Hence why there is hysteria on both sides of the debate.

Ian_S
Ian_S
3 months ago
Reply to  Robbie K

Climate change believer hysteria: “We’re all gonna die!!! Arrrgh!!! Do something now!!!
Climate change skeptic hysteria: “hmm, I see another study showing no actual loss of ice …”

Anna Bramwell
Anna Bramwell
3 months ago
Reply to  Ian_S

Also the earth will burn up in 10 years, maybe 9 now, a prophecy enunciated by an apparently sane UN head. Well, Britain should be spared at least.

Lancashire Lad
Lancashire Lad
3 months ago
Reply to  Robbie K

I think you’ll find the hysteria is entirely on one side. It’s precisely because of completely “over the top” claims about “we’re all doomed” when the Earth’s climate has constantly changed, and will continue to do so, that there’s now a fairly measured reaction.

Andrew McDonald
Andrew McDonald
3 months ago
Reply to  Lancashire Lad

It’s the speed of change, not the fact of change which worries climate scientists.

Sharon Hall
Sharon Hall
3 months ago

Absolutely

Peter B
Peter B
3 months ago

Not true. We’re constantly told that the absolute rise in temperatures is a serious problem. Also that the rising sea levels from this (which depend on the absolute temperature and not its rate of increase) are a serious problem.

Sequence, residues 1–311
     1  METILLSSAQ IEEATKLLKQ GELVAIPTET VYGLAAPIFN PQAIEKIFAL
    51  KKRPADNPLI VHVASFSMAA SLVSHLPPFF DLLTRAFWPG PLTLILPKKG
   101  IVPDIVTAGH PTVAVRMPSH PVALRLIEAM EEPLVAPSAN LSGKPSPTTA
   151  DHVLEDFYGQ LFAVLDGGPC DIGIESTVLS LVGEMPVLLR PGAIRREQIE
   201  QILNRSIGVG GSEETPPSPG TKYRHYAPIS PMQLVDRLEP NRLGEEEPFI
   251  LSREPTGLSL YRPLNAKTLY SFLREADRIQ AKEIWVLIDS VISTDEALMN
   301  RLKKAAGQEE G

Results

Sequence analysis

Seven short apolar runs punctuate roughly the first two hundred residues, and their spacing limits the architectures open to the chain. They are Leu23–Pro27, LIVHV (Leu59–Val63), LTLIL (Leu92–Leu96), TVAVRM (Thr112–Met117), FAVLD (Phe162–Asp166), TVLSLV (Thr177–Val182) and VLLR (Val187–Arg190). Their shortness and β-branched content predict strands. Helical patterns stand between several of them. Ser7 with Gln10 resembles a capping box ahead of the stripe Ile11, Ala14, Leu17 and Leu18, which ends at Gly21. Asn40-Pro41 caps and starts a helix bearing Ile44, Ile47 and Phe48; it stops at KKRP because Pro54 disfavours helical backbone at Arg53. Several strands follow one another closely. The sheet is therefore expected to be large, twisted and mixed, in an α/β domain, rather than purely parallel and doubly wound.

Whether you choose to believe that – or what the precise balance of climate winners and losers is [a warmer climate might be a net benefit for the UK] – is another matter.

Anna Bramwell
Anna Bramwell
3 months ago

They have no idra what caused the Ice Age interstadial 16000 years ago, nor the Younger Dryas event 1500 years later. But we know it happened quickly in both cases.

Robbie K
Robbie K
3 months ago

Totally agree. What people rarely realise is the CO2 creating the greenhouse effect now, will likely persist in the atmosphere for two hundred years – hence the clamour for immediate reductions.

Hugh Bryant
Hugh Bryant
3 months ago
Reply to  Lancashire Lad

Yes. Would you prefer it to get colder or warmer. I’m for warmer. Same for co2 levels. Prior to the industrial revolution these were getting dangerously close to the mimima required for life. So one could turn the alarmist narrative on it’s head and quite reasonably claim that we Brits and our coal burning saved humanity from extinction.

It’s all about narrative.

John Riordan
John Riordan
3 months ago
Reply to  Hugh Bryant

Patrick Moore argues exactly this: that if it were not for human activity, the long term carbon cycle would have eventually destroyed the viability of most photosynthesising life. It’s an interesting theory and does seem to have a lot of the facts on its side, but it’s also prone to a degree of parochiality relating to geological timescales, in my opinion.

David Morley
David Morley
3 months ago
Reply to  Hugh Bryant

Any chance this could be accepted in lieu of reparations for slavery?

Dominic Lyne
Dominic Lyne
3 months ago
Reply to  Robbie K

I don’t think that’s cognitive distance at all.It’s just having a different opinion.Most people agree, we should try to do better, but the climate industry has become a cult and it’s now as bad as Big Pharma!!